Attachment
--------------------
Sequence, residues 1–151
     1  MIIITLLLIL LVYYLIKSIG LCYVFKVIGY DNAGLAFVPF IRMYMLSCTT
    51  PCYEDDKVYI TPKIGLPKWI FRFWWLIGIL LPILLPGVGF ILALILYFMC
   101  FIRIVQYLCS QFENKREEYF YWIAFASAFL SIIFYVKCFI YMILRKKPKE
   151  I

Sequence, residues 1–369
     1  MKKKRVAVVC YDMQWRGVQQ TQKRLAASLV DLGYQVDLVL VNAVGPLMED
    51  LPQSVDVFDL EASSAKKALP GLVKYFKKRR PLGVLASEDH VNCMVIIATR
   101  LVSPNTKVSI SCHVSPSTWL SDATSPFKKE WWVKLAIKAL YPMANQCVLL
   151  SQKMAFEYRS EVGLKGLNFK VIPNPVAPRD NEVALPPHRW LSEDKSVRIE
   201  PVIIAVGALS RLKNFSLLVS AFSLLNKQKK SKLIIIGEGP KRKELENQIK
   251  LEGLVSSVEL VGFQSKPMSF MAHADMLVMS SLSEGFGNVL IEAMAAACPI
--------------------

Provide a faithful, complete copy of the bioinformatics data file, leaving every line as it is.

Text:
Sequence, residues 1–151
     1  MIIITLLLIL LVYYLIKSIG LCYVFKVIGY DNAGLAFVPF IRMYMLSCTT
    51  PCYEDDKVYI TPKIGLPKWI FRFWWLIGIL LPILLPGVGF ILALILYFMC
   101  FIRIVQYLCS QFENKREEYF YWIAFASAFL SIIFYVKCFI YMILRKKPKE
   151  I

Sequence, residues 1–369
     1  MKKKRVAVVC YDMQWRGVQQ TQKRLAASLV DLGYQVDLVL VNAVGPLMED
    51  LPQSVDVFDL EASSAKKALP GLVKYFKKRR PLGVLASEDH VNCMVIIATR
   101  LVSPNTKVSI SCHVSPSTWL SDATSPFKKE WWVKLAIKAL YPMANQCVLL
   151  SQKMAFEYRS EVGLKGLNFK VIPNPVAPRD NEVALPPHRW LSEDKSVRIE
   201  PVIIAVGALS RLKNFSLLVS AFSLLNKQKK SKLIIIGEGP KRKELENQIK
   251  LEGLVSSVEL VGFQSKPMSF MAHADMLVMS SLSEGFGNVL IEAMAAACPI